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PDF invoices may cost more than you expect 

Oct 20, 2014 12:45 PM

Contributor: Joseph Graziano

PDF invoices sent over email have become increasingly common in today’s business world. However, that doesn’t mean that there are no complications with the file format. Addressing these invoices without requiring verification from the recipient can lead to a compromised computer with the user’s confidential data in jeopardy.

Over the past week, Symantec has observed a spam campaign involving suspicious emails that masquerade as unpaid invoices. However, these suspicious emails come with a nasty surprise attached in the form of a malicious .pdf file.

Figure 1. Malicious .pdf file attached to suspicious email

While these invoices may appear to be legitimate because the sender’s email address may be associated with a major company, the emails contain spelling errors in the subject line and the body of the email contains just one line of text. Most business emails contain a personal greeting to the recipient and the sender’s signature, but these emails have neither. These signs should serve as warnings to users that the email is not what it claims to be.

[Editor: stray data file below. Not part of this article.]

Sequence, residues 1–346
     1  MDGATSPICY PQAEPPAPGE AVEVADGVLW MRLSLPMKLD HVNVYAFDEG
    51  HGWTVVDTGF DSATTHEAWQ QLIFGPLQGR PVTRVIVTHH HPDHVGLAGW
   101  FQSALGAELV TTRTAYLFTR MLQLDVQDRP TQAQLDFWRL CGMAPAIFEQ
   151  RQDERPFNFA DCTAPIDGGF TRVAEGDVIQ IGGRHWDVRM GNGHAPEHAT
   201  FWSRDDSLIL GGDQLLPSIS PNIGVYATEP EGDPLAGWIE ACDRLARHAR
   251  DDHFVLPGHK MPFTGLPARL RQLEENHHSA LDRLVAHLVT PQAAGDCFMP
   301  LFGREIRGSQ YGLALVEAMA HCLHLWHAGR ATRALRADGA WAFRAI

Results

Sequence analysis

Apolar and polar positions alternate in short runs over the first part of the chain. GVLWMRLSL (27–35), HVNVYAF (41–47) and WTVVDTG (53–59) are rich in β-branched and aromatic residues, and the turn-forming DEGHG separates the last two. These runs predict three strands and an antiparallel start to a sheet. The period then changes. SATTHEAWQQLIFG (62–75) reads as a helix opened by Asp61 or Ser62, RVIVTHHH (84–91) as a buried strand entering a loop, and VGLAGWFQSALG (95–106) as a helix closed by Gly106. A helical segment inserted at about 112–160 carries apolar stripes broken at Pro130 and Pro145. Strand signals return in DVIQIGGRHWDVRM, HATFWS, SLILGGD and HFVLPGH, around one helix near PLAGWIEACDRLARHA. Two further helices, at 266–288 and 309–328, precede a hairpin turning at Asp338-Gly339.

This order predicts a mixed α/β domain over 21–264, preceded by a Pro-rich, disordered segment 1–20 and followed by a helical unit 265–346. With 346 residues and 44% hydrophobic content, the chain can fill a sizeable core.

The attached .pdf file has malicious shellcode hidden inside of it that will be executed when opened with a vulnerable version of Adobe Reader.

Figure 2. Shellcode hidden inside malicious .pdf file

The attackers are trying to exploit the Adobe Acrobat and Reader Unspecified Remote Integer Overflow Vulnerability (CVE-2013-2729) by triggering the vulnerability while parsing the crafted Bitmap encoded image.

Figure 3. Bitmap encoded image

The embedded shellcode acts as a downloader which downloads a malicious executable file (Infostealer.Dyranges) from a remote location. The downloaded malware attempts to install itself as a service called “google update service” by adding the following registry entry.

  • HKEY_CURRENT_USER\Software\Microsoft\Windows\CurrentVersion\Run\"GoogleUpdate" = “[PATH TO MALWARE]”

If successful, the malware is then able to steal confidential information entered into Web browsers by the user.

Symantec recommends that users exercise caution when opening emails and attachments from unexpected or unknown senders. We also advise that PDF viewers and security software should be kept up-to-date. Symantec detects the malicious .pdf file used in this campaign as Trojan.Pidief.

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